EGBA revê proibição de publicidade na Itália para combater jogos de apostas no mercado negro

The European Gaming and Betting Association (EGBA) has called for a review of Italy‘s blanket ban on sports betting advertising after a new report found that the country’s gamblers spend €26.38 billion on gaming sites in the country. illegal market every year.

Published by Italian newspaper La Gazzetta dello Sport, the report estimates that 19 billion euros are bet on unlicensed gambling sites every year.

This, the report says, represents approximately 75% of all betting on the illegal market in Italy.

The EGBA estimates that more than €1 billion in gross gambling revenue is being lost every year to illegal websites.

This is equivalent to the combined regulated online gambling revenues of eight other European Union (EU) countries – Croatia, Cyprus, Estonia, Latvia, Lithuania, Luxembourg, Malta and Slovenia.

EGBA acknowledges that the Italian Customs and Monopolies Agency (ADM) has already taken action on this matter.

This year alone, ADM blocked more than 9,800 unlicensed websites, already 400 more than in the entire year 2022.

However, the EGBA remains concerned about the number of Italian players using unlicensed websites, especially those located outside the EU.

Because these sites do not offer the same or any consumer protections, this puts players at greater risk of harm.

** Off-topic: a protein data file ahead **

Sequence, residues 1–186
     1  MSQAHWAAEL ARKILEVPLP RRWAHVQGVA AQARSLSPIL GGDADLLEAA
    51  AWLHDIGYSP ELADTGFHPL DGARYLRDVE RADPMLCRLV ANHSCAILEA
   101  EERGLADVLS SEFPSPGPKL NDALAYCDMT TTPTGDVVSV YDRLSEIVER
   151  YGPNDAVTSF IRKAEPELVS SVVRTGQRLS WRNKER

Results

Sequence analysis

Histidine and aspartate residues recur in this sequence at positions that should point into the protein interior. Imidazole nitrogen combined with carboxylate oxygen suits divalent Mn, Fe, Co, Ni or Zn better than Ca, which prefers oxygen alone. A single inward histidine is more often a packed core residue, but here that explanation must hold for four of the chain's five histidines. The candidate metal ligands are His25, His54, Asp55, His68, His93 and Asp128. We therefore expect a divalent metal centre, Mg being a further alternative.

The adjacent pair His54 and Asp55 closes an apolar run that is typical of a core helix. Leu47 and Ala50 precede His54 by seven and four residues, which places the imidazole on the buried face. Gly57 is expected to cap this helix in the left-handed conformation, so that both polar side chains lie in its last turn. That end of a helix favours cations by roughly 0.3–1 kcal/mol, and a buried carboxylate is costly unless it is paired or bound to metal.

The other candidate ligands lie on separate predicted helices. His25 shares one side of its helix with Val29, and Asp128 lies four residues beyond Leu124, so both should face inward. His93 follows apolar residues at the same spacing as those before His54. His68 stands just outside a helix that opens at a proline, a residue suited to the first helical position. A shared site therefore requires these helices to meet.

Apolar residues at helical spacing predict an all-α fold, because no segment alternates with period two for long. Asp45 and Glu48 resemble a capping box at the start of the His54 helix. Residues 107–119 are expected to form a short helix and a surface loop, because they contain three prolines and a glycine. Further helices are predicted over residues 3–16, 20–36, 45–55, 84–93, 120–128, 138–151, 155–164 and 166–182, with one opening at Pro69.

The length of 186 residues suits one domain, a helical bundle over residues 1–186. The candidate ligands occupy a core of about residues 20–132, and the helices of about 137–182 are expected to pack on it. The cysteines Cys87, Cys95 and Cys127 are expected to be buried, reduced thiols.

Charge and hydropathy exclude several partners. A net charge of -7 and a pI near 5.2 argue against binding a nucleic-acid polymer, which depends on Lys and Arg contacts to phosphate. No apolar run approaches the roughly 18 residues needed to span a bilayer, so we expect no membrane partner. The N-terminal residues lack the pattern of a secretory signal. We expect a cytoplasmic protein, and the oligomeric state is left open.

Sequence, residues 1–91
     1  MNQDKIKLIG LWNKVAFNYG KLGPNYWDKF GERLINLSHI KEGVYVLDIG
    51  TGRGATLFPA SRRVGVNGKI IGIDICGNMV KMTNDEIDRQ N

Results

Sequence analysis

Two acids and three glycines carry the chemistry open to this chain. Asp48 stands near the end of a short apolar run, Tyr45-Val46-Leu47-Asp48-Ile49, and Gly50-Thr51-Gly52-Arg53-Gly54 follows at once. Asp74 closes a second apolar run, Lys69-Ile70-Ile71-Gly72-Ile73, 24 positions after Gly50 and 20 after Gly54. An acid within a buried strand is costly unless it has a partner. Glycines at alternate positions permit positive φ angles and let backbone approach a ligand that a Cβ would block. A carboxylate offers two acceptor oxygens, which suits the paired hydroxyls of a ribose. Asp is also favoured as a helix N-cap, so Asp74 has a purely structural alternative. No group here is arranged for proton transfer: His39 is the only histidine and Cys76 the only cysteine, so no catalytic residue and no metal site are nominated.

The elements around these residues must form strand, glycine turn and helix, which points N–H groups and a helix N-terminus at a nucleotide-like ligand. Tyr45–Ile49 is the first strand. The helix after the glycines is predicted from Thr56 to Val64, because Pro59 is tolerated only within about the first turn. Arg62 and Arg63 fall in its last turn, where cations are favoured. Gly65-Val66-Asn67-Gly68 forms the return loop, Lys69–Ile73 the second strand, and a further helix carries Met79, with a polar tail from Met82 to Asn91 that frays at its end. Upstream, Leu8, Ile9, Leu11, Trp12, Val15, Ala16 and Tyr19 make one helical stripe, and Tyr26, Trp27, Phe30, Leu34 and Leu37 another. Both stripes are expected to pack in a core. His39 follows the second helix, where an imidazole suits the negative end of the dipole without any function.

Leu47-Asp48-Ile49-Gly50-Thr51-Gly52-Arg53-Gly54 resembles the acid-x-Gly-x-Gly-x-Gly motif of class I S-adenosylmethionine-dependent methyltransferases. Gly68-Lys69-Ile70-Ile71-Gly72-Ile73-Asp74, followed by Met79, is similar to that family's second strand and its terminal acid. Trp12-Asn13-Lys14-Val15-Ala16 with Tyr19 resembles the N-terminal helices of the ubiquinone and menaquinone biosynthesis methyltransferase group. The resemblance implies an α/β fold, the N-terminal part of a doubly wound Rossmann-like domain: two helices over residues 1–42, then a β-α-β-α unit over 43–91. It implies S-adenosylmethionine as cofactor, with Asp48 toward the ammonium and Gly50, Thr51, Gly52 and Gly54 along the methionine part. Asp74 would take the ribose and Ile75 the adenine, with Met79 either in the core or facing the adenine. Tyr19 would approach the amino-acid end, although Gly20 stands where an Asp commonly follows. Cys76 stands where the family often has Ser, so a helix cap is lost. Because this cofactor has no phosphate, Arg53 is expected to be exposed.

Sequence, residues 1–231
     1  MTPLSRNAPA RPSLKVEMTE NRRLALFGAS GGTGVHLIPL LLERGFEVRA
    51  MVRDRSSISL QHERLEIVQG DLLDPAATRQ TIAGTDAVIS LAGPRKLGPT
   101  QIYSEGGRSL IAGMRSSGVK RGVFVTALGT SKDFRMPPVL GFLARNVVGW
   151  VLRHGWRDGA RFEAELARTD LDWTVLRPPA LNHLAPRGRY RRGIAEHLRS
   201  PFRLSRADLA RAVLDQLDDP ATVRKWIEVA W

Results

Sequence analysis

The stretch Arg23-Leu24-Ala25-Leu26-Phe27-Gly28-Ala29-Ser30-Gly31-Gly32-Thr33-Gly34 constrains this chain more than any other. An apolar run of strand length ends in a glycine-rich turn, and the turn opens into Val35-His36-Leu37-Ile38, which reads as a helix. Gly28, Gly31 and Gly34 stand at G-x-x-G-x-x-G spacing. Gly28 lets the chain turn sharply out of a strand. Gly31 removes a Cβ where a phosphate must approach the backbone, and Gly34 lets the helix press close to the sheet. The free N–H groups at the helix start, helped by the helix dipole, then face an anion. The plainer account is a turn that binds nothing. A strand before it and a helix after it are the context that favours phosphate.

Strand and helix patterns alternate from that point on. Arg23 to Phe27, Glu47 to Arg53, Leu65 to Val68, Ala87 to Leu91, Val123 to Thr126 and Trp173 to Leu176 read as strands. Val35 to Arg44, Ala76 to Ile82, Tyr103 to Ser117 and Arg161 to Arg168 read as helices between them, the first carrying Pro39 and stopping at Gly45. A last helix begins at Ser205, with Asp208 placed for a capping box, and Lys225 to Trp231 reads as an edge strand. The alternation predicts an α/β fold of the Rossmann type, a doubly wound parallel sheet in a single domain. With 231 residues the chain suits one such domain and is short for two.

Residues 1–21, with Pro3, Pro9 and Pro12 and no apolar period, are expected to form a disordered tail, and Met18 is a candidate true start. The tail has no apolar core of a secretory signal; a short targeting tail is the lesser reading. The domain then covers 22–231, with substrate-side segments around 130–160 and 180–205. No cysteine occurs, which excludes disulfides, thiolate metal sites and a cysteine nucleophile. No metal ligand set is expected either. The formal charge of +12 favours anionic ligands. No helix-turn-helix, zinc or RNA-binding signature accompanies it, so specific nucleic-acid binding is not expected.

For EGBA, lack of knowledge of approved operators can boost illegal market

As such, EGBA calls on the Italian authorities to do more to raise consumer awareness of these risks. This, he said, could include reviewing Italy’s general ban on gaming advertising.

There is currently a ban on all forms of gaming advertising in Italy. However, the EGBA states that a lack of knowledge among approved operators may be a determining factor in high rates of illegal gambling.

“The significant size of the Italian illegal online market is worrying but not surprising given that Italy has one of the strictest advertising regimes in Europe for its licensed gambling companies,” said EGBA Secretary General Maarten Haijer .

“The country’s ban on advertising licensed gaming operators is clearly favoring the illegal market. Without a sufficient level of advertising, there is no real way for Italians to know the difference between a gaming site that is licensed in Italy – and applies the country’s consumer protection rules – and one that is not,” says Maarten.

“It is clear that coercive measures against irregular operators are not enough. The government needs to review its gaming advertising rules to ensure that Italian citizens can be well informed about sites licensed in the country,” he concludes.

Italian football players face accusations of involvement in sports betting

The report comes at a time when Italy is facing something of a crisis in its football team. Several players violated the betting rules.

This week, the Italian Federal Public Prosecutor’s Office granted Juventus football player Nicolò Fagioli a seven-month suspension for football betting.

Two more Italy national team players, Newcastle United’s Sandro Tonali and Aston Villa’s Nicolo Zaniolo, were later revealed to be under investigation and were removed from the national team.